The Elderly Need More Exercise? Yes And No.
An interesting discussion over at Doug McGuff’s message board regarding exercise and aging. This comment was of interest:
I suggest that the sedentary elderly require more exercise, not less. I am one such. A few minutes a week is not going to do it for sarcopenia or anything else. If I train once a week I cannot maintain my condition, strength,metabolic benefit, motivation or momentum. Nor can you if the rest of the time you are inactive.
Here was my response to this statement:
And I disagree; I think the elderly need more activity, not exercise. Further, the health education research is clear: in the elderly, physical activity and self-efficacy track side by side. The more confident a person is in their abilities, the more physically active they are; the more physically active they are, the more confident they are in their abilities.
If you make a person stronger in your studio, they’re more confident in their ability to do other activities. This is what Doug talks about when he says people want to move more after training for a number of months. Get strong and you’ll get more active relative to your starting lifestyle.
I’ll even make it a nice soundbite: have you ever heard the phrase “a stronger athlete is a better athlete?” The same is true of human beings throughout aging, that is a stronger human is a better (more active, more healthy, more resistant to cancer/metabolic disease/disability) human. (Emphasis mine…just now!)
There is a nugget of wisdom in there that I want people to pay attention to: “relative to your starting lifestyle.” If a person is doing zip and they start a once per week strength training routine that then leads them to take leisurely strolls because they enjoy it, they’re going to do a whole lot better for themselves compared to where they started as far as disease prevention and injury risk reduction. If you had a crazy triathelte at the same advanced age add the same dose of exercise, it wouldn’t make much of a difference. There’s a survivorship bias discussion that will be addressed another time, but here’s my advice: don’t take advice from an endurance athlete who has been training “all of their life” as the gospel…there’s more at play than just hard work!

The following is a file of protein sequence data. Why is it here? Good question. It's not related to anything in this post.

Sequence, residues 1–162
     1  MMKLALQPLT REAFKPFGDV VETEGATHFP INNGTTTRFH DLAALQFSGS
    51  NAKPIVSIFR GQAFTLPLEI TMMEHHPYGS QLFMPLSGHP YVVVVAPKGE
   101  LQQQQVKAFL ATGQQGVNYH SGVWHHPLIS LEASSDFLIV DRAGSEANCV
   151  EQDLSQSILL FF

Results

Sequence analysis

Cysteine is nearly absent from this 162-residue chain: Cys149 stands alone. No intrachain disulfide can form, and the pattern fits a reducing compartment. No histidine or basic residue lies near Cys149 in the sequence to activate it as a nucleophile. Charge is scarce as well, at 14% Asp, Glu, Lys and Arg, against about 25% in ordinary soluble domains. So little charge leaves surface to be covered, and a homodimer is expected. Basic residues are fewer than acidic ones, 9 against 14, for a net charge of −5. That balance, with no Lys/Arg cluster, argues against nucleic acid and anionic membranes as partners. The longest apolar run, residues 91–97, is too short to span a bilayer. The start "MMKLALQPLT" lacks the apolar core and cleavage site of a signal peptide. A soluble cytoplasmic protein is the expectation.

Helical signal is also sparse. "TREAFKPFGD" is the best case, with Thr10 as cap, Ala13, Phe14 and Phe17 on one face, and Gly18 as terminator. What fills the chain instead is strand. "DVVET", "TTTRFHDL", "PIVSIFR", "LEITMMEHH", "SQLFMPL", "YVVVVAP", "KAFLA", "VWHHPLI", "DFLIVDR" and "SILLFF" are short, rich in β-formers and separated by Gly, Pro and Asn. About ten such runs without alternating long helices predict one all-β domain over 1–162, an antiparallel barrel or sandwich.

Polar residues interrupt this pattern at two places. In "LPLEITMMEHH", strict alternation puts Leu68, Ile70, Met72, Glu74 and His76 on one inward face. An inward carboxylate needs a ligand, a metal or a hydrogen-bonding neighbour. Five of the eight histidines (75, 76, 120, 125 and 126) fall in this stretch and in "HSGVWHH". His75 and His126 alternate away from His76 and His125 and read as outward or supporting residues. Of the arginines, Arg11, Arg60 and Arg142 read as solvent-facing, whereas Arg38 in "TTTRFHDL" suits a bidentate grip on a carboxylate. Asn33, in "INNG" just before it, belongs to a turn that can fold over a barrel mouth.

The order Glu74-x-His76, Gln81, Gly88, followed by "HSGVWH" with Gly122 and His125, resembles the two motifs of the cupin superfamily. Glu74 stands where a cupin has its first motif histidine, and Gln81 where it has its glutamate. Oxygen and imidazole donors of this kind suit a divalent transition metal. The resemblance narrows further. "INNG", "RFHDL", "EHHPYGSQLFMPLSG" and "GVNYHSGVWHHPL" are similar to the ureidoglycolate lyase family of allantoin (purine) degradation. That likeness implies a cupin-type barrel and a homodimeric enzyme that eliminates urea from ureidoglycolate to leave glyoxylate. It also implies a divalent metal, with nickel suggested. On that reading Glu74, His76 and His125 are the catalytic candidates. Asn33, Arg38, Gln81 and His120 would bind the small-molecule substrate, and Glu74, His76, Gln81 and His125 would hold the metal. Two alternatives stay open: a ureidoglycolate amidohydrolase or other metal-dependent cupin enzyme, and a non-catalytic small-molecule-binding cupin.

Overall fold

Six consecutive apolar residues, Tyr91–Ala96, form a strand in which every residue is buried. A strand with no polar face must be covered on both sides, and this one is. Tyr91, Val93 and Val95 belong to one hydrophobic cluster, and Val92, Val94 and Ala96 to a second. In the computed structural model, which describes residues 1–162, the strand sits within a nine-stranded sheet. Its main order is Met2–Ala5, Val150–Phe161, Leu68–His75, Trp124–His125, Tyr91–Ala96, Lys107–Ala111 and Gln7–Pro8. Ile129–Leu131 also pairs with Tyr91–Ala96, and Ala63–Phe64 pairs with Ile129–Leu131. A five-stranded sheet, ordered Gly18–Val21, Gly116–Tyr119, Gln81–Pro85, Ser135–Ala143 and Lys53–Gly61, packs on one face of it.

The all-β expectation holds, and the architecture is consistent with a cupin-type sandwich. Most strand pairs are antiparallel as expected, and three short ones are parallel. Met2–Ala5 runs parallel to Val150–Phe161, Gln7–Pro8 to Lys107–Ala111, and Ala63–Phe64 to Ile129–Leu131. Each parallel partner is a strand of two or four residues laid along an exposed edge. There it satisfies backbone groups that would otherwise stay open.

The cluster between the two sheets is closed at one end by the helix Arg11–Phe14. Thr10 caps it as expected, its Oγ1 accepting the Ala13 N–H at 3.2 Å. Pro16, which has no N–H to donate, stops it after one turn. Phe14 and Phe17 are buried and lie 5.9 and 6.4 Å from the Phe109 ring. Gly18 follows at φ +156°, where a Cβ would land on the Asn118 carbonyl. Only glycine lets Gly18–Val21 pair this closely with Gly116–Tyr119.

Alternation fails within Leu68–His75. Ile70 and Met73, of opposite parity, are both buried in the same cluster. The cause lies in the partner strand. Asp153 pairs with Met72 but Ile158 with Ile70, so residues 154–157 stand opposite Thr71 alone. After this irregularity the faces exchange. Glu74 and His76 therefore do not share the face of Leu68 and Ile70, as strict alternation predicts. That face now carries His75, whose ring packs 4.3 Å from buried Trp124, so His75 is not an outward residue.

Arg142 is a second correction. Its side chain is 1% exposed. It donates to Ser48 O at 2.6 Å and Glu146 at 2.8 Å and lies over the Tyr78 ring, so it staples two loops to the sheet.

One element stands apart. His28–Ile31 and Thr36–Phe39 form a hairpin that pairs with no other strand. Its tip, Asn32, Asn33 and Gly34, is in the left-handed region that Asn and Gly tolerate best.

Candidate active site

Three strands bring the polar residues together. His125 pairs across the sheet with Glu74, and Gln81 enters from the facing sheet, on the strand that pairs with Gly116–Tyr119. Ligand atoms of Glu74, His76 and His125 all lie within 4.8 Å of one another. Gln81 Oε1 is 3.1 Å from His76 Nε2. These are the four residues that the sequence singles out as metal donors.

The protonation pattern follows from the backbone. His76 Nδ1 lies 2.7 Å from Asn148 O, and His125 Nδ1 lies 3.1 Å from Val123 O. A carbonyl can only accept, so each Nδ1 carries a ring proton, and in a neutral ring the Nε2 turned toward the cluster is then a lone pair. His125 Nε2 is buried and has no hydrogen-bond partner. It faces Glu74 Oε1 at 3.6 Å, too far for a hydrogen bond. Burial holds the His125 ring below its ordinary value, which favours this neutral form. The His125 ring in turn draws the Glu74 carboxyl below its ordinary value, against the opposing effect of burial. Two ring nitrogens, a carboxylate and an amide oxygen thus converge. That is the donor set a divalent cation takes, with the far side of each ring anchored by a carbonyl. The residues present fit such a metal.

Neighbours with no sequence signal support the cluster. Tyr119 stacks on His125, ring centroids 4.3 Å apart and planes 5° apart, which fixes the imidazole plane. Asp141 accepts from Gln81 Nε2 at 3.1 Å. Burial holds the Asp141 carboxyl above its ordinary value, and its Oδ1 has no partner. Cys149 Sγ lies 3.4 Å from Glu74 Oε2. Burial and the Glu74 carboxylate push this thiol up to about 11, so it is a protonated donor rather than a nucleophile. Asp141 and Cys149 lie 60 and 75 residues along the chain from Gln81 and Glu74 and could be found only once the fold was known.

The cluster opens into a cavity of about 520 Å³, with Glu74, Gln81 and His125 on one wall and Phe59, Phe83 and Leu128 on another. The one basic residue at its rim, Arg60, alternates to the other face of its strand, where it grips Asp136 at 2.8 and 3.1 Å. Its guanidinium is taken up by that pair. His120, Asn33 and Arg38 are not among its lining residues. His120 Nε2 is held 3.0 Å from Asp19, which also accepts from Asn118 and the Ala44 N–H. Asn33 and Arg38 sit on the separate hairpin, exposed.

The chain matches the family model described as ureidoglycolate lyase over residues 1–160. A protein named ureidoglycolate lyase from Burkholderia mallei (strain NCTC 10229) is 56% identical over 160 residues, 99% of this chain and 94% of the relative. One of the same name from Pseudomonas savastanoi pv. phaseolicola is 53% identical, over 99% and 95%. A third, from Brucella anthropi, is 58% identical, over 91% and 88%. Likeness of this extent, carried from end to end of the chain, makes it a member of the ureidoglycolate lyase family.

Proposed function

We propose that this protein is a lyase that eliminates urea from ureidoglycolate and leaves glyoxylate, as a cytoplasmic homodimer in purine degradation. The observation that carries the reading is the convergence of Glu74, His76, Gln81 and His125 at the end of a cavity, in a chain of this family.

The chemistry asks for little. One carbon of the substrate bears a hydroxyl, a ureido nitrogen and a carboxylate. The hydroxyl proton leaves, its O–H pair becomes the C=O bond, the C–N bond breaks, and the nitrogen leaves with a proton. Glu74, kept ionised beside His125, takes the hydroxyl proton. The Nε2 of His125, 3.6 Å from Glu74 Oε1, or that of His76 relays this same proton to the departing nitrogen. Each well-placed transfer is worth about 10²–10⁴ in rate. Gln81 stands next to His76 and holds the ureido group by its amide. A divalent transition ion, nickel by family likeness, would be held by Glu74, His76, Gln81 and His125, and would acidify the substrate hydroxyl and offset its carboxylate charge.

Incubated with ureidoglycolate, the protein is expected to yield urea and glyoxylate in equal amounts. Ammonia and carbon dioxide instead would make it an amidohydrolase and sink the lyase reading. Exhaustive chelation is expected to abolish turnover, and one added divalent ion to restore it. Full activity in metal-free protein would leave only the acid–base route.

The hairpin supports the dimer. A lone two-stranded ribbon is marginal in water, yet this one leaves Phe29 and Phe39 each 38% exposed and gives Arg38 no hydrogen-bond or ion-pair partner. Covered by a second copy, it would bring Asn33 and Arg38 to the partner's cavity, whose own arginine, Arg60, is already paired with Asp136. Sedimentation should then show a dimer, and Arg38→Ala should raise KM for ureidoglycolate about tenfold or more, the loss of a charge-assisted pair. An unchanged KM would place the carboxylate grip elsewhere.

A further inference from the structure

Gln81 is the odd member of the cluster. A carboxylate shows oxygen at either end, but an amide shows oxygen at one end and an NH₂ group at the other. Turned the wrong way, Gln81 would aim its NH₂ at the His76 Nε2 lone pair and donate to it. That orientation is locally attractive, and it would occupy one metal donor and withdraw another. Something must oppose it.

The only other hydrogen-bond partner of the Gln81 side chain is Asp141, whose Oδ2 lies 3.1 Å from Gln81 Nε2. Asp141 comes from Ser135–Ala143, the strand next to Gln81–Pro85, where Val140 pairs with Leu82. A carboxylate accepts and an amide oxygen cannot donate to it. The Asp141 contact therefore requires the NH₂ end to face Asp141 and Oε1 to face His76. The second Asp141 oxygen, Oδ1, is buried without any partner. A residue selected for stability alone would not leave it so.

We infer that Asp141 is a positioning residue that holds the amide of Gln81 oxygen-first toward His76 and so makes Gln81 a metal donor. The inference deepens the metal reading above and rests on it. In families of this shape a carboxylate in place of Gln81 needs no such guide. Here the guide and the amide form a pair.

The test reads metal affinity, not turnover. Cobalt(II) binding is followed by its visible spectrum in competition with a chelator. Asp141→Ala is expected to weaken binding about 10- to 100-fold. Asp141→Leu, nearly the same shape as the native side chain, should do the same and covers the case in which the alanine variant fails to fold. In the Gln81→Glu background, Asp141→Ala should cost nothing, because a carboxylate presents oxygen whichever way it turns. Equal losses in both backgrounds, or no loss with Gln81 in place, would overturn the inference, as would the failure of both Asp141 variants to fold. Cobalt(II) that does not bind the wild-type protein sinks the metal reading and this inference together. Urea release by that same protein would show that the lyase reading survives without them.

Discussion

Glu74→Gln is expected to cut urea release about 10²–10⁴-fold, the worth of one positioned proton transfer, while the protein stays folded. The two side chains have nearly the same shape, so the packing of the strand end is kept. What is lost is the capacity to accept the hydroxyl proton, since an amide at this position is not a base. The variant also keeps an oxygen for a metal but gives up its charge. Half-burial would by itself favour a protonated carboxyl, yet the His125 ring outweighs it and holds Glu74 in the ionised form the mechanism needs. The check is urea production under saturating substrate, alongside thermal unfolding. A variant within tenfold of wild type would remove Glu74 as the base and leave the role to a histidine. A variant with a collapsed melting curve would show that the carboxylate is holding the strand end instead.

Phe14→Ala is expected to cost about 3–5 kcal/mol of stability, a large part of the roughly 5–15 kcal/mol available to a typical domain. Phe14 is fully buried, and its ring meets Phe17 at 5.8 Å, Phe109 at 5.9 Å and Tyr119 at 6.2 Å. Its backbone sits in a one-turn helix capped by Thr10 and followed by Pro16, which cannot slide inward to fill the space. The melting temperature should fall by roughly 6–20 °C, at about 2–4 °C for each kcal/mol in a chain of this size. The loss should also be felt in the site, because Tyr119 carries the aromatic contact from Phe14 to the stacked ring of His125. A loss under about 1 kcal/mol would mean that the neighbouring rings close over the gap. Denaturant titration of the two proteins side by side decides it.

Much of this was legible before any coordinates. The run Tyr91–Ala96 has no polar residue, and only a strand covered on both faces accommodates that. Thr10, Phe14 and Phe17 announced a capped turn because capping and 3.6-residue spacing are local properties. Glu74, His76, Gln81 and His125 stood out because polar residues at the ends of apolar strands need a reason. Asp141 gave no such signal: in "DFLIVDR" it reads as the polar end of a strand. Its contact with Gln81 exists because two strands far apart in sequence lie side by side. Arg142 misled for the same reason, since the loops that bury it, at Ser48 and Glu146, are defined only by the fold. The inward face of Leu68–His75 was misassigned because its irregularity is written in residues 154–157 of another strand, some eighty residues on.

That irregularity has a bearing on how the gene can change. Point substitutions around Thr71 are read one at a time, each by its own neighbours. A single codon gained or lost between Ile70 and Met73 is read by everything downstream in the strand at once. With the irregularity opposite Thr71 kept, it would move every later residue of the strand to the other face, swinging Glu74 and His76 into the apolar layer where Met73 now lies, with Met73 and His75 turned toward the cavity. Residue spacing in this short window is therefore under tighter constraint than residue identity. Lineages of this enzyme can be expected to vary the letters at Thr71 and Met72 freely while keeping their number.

I digress; elderly individuals should look at their training as an upside-down oil funnel: the widest, part is going to be activity that is very low in intensity but very high in frequency. It seems this is where one can start making a semantic argument that this too is “exercise.” However, it’s really just being a good human animal and setting a functional path: if you move a certain way today, you’ve got a good chance of moving that way tomorrow. The middle part of the funnel is going to be mobility work as maintaining joint free range of motion is paramount for maintaining activity levels. When looking at barriers to exercise, the less mobile people are, the larger their barriers to exercising become. For example, those with mobility limitations cite “poor health, fear and negative experiences, lack of company, and an unsuitable environment as barriers to exercise…”. Performing joint mobility work for 10-20 minutes a day, hell even starting at 5 minutes per day, when mobility is still pretty good will go a long way to maintaining mobility, which maintains activity levels and exercise efficacy. Finally, the tip of the funnel is exercise training, preferably of a high intensity nature. Muscle is the most plastic tissue in the body, the largest endocrine organ we have, and creating a sufficient degree of demand will improve all aspects of a person’s physiology. By its nature, it cannot be sustained for very long and requires a prolonged recovery period. That’s fine, as it means more time for the activities the person would rather be doing, which is going to set the table for continuing to do the activities until the day they die. All good stuff!
So no, the elderly do not need more exercise; they need just enough exercise to produce a body that feels good doing lots of physical activity that a person would rather be doing. Maybe this advice will produce a few more Stephen Jepsons in the world and how cool would that be?
Skyler Tanner is an Efficient Exercise Master Trainer and holds his MS in Exercise Science. He enjoys teaching others about the power of proper exercise and how it positively affects functional mobility and the biomarkers of aging.